DENVER- February 26, 2013 – A recently published meta-analysis in the American Journal of Clinical Nutrition reviewed 20 randomized control trials on the effect of various diets on glycemic control, lipids and weight loss in individuals with type 2 diabetes. The results found that a low-carb diet, like the Atkins Diet™, showed greater improvements in glycemic control biomarkers for type 2 diabetics and should be considered in the overall strategy of diabetes management.
“We are very encouraged by the findings of the meta-analysis in that it demonstrates the beneficial effects of a low-carb diet among type 2 diabetics. This is critical, considering that the World Health Organization estimates that approximately 347 million people worldwide have diabetes with the majority of those having type 2 diabetes,” said Colette Heimowitz, vice president of education and nutrition at Atkins Nutritionals, Inc. “This steady stream of new research validates the efficacy and safety of low-carb diets, and it continues to support the belief that the Atkins Diet is a valid option for people who are looking to address their type 2 diabetes.”
In type 2 diabetes, the most common form of the disease, the body either does not produce enough insulin or cells ignore the insulin produced. Several trials documented the benefits of carbohydrate restriction on glycemic control and maintaining weight loss. Most impressively, there was a high level of improvement in the marker for longer term blood sugar readings, which measure the level of glucose, or sugar, in the blood stream (HbA1c). The more glucose that is in the blood, the higher the HbA1c levels will read for patients. Data from eight studies compared low-carb diets with controlled diets and found a significant decrease in the percentage of HbA1c in subjects who consumed low-carbs compared to other diets. These reductions were significant.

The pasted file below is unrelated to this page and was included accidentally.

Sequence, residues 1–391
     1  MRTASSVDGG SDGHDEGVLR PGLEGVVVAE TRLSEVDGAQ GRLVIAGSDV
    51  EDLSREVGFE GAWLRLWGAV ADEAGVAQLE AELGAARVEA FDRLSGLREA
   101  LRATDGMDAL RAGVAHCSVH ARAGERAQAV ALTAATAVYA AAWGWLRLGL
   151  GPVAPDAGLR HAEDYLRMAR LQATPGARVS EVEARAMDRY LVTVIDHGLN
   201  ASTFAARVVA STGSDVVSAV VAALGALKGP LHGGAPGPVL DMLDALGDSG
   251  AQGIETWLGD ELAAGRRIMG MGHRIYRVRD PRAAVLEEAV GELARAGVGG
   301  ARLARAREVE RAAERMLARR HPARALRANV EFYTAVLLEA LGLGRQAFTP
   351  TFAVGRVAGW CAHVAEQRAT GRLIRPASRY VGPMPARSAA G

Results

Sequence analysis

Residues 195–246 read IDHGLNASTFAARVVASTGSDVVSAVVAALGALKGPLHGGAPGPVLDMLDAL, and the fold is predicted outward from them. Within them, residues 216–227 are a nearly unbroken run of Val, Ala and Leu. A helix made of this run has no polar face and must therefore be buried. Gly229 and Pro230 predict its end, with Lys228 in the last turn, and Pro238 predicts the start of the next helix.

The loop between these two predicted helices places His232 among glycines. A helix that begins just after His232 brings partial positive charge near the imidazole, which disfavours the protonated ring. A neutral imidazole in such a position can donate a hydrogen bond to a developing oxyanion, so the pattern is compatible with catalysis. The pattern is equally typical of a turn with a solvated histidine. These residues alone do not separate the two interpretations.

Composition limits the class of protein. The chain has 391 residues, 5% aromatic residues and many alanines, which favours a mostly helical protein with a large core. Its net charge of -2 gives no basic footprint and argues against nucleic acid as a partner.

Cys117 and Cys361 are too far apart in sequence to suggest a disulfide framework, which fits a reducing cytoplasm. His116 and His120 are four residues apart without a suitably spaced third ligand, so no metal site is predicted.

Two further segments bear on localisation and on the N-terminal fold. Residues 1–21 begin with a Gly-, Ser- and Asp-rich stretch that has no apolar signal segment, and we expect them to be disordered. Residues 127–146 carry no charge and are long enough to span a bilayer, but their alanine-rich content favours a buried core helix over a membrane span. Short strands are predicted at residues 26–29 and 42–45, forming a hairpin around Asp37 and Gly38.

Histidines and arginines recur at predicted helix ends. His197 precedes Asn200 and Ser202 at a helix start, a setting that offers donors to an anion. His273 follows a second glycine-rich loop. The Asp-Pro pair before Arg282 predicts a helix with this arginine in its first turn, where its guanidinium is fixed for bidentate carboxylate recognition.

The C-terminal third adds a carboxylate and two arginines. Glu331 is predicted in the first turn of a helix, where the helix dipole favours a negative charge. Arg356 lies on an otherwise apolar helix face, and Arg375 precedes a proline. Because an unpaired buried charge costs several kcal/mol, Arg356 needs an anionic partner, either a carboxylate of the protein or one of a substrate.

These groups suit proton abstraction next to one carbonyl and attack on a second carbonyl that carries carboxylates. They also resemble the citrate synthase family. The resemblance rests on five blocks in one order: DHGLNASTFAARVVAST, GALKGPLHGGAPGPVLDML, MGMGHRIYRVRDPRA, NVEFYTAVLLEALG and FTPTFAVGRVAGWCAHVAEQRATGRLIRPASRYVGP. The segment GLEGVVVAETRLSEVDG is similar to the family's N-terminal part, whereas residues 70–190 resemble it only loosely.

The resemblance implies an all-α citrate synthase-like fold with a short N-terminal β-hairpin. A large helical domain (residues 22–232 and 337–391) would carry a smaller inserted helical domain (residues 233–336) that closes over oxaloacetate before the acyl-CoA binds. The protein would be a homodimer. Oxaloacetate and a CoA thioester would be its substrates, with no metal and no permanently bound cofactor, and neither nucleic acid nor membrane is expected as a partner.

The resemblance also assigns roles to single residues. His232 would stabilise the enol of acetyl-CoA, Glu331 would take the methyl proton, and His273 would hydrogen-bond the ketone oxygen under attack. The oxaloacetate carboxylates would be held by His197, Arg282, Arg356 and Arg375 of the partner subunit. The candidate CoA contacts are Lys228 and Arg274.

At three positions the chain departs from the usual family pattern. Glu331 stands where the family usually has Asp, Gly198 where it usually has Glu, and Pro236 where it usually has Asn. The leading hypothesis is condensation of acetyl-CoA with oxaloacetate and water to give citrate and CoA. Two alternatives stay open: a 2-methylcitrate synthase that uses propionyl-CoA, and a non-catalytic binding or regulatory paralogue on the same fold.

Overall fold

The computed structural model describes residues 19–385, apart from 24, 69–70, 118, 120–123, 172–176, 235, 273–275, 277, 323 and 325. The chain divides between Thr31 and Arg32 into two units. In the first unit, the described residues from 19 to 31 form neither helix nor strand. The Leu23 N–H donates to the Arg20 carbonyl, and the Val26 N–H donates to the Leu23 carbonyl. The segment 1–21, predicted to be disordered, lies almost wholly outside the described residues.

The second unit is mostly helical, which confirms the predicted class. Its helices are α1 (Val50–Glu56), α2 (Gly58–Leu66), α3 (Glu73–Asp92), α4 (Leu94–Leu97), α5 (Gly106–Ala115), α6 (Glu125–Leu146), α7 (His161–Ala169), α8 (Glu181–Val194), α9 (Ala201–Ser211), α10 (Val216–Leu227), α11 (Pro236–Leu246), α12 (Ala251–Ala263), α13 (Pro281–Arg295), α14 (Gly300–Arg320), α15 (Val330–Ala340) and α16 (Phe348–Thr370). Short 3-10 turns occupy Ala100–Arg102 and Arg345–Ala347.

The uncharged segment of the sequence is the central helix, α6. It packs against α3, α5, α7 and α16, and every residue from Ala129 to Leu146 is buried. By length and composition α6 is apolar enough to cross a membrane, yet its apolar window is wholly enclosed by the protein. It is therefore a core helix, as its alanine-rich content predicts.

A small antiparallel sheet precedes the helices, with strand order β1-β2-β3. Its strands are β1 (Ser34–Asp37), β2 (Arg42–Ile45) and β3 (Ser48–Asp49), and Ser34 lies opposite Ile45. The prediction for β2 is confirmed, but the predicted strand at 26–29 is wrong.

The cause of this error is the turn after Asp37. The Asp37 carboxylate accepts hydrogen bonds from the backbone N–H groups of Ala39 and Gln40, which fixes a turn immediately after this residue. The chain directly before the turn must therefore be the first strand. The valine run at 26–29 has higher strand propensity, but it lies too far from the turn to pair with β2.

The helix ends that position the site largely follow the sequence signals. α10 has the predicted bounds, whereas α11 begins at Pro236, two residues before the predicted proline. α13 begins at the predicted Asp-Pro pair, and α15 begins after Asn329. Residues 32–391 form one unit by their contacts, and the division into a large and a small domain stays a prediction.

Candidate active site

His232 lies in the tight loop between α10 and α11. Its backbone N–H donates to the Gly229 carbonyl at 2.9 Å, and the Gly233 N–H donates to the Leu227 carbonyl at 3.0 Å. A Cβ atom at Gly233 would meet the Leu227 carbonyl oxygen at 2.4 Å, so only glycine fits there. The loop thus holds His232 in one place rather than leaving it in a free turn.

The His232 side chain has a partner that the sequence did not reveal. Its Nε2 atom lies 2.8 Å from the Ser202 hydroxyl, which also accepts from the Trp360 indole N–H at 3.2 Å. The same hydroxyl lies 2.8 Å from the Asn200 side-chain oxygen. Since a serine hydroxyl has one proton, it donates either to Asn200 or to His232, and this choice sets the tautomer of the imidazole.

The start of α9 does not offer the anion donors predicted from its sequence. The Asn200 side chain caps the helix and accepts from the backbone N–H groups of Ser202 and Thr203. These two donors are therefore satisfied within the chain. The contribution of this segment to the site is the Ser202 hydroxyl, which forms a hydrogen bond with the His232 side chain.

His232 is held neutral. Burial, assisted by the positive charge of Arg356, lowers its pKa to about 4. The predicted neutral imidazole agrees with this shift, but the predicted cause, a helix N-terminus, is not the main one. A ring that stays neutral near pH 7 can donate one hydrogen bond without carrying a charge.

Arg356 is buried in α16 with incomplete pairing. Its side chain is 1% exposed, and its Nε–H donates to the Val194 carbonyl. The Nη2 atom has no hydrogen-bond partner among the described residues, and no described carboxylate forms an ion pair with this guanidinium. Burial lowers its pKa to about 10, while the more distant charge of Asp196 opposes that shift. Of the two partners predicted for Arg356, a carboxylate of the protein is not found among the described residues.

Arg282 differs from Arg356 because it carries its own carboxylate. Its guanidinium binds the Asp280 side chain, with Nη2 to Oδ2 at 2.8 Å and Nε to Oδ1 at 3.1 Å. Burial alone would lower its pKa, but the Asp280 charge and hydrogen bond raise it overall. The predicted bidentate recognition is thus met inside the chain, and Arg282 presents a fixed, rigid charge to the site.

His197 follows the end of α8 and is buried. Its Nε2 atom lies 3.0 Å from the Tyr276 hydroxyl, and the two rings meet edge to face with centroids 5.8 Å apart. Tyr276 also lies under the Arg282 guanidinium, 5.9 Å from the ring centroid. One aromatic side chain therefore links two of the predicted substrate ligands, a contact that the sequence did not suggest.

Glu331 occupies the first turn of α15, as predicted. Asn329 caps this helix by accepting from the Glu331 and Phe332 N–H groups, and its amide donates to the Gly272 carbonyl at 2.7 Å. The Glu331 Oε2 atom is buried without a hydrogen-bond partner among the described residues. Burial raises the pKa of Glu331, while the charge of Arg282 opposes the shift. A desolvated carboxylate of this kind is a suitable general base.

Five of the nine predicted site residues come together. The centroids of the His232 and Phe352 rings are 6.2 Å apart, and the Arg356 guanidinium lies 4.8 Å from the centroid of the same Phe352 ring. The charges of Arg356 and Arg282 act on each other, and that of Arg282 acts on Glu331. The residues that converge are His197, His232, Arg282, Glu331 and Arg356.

The researchers (Olubukola Ajala, Patrick English, and Jonathan Pinkney) included randomized controlled trials with interventions that lasted over six months that compared low-carb, vegetarian, vegan, low-glycemic index (GI), high-fiber, Mediterranean, and high-protein diets with control diets including low-fat, high-GI, American Diabetes Association, European Association for the Study of Diabetes, and low-protein diets. The 20 studies included 3,460 patients with final analyses in 3,073 patients. All participants were over 18 years old and 19 studies included both sexes.
About Atkins Nutritionals, Inc.
Atkins Nutritionals, Inc. is a leader in the $2.4 billion weight control nutrition category, and offers a powerful lifetime approach to weight loss and management. The Atkins Diet focuses on a healthy diet with reduced levels of refined carbohydrates and added sugars and encourages the consumption of protein, fiber, fruits, vegetables and good fats. Backed by research and consumer success stories, this approach allows the body to burn more fat and work more efficiently while helping individuals feel less hungry, more satisfied and more energetic.
Atkins Nutritionals, Inc., manufactures and sells a variety of frozen meals, nutrition bars and shakes designed around the nutritional principles of the Atkins Diet™. Atkins' four product lines: Advantage®, Day Break™, Endulge™ and Cuisine™ appeal to a broad audience of both men and women who want to achieve their weight management goals and enjoy a healthier lifestyle. Atkins products are available online at atkins.com and in more than 30,000 locations throughout the U.S. and internationally. For more information, visit atkins.com.